The confusion of church and state would involve, for example, sanctioning a particular denomination such that they got financial breaks (e.g., viz. taxes) that other denominations did not. Public displays of religion, or the notion of a world view as the basis for a system of laws, is not breaking the barrier between the institutions of church and state. Further, barriers between church and government are not the same as barriers between religion and laws. All laws are based on some world view, and America has as the basis for its system of laws Judeo-Christian philosophy.

Now. Given this as backdrop, it makes no sense whatsoever for Mr. Weinstein to be troubling himself and us so with such childish arguments. He should find a way to contribute to the global war on terror, and quit pestering General Petraeus. Weinstein has officially become annoying to TCJ. The good General endorsed a particular book as good for his soul. So what? Doesn’t Weinstein have to go cut his grass or take out the trash, or something else useful?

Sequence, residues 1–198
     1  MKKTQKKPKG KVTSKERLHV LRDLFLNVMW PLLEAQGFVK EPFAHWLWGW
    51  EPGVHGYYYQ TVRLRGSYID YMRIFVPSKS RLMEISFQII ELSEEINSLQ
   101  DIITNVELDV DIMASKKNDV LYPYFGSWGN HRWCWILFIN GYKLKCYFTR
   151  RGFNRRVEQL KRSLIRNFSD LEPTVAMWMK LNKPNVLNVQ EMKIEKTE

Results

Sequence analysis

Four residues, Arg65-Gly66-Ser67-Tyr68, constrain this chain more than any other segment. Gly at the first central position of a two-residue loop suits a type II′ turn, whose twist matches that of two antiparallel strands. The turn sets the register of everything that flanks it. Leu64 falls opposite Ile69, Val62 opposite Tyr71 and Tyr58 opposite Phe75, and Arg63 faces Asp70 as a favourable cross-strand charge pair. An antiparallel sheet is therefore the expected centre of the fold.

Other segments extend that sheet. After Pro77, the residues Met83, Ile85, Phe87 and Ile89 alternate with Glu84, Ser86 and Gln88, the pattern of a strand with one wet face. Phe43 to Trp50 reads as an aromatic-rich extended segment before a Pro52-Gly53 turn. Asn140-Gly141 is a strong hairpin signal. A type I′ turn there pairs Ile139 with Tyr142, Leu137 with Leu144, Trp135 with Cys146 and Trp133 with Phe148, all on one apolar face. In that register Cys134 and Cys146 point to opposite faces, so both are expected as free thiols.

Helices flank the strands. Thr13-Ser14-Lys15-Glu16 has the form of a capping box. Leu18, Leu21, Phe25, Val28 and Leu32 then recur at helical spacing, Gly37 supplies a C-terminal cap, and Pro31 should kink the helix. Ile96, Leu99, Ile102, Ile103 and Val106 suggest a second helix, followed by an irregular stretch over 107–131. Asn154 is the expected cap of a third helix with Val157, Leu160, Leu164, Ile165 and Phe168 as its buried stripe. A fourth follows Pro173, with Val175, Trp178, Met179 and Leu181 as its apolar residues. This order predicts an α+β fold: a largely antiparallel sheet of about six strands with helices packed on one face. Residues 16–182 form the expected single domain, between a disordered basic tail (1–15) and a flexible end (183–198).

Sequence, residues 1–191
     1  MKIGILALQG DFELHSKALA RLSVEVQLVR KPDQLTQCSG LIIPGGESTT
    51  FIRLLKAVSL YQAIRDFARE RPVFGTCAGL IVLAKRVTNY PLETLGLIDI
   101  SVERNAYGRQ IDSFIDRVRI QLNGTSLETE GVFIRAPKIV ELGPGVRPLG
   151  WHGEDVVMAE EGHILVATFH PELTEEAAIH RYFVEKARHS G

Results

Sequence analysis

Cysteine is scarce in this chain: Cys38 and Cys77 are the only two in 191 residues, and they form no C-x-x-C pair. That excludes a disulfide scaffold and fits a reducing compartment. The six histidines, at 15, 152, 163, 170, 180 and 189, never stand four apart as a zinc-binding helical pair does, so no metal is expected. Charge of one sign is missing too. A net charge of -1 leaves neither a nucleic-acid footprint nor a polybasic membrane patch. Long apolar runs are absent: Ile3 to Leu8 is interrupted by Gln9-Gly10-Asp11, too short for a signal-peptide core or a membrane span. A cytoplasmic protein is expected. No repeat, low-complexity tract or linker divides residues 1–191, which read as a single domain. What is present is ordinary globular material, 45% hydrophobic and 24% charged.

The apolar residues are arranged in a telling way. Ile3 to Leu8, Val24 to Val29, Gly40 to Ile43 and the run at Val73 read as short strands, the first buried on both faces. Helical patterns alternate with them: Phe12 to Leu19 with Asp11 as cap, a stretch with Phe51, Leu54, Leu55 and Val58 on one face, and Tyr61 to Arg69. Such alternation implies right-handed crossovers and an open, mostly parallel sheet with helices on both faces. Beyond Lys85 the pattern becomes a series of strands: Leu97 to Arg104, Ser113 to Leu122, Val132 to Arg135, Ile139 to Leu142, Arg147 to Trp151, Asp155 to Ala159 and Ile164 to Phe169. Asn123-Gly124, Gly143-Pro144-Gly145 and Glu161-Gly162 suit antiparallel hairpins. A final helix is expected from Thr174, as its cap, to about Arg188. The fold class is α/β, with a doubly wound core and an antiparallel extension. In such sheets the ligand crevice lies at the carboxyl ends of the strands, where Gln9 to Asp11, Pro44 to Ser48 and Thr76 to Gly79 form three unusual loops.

TCJ hears Weinstein’s wife calling. You have chores, now. Run along.

  • Warbucks

    Weinstein’s probably going through his own personal, spiritual transformation and it leaves him stuck in an unsettled spiritual void, a personal hell creating a shallow cycle repeated again and again, like an old scratched record that can’t finish the song, lashing out against everything that comes near until Weinstein himself sees the light. He watches in awe as General Petraeus walks on water, levitates above the lamentable hell hole of congress, and transfigures from mortal flesh into ethereal spirit empowering even erstwhile enemies to find peaceful coexistence through an awakening.